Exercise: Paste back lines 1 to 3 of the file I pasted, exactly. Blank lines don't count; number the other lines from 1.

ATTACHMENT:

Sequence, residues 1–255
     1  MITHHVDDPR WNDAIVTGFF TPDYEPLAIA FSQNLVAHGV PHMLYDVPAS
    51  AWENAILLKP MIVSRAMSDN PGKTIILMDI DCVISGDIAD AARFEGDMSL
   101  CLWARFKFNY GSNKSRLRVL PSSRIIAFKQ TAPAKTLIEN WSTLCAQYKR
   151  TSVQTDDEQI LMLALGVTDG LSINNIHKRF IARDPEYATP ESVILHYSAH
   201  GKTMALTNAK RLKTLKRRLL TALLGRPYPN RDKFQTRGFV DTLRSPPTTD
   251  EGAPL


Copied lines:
Sequence, residues 1–255
     1  MITHHVDDPR WNDAIVTGFF TPDYEPLAIA FSQNLVAHGV PHMLYDVPAS
    51  AWENAILLKP MIVSRAMSDN PGKTIILMDI DCVISGDIAD AARFEGDMSL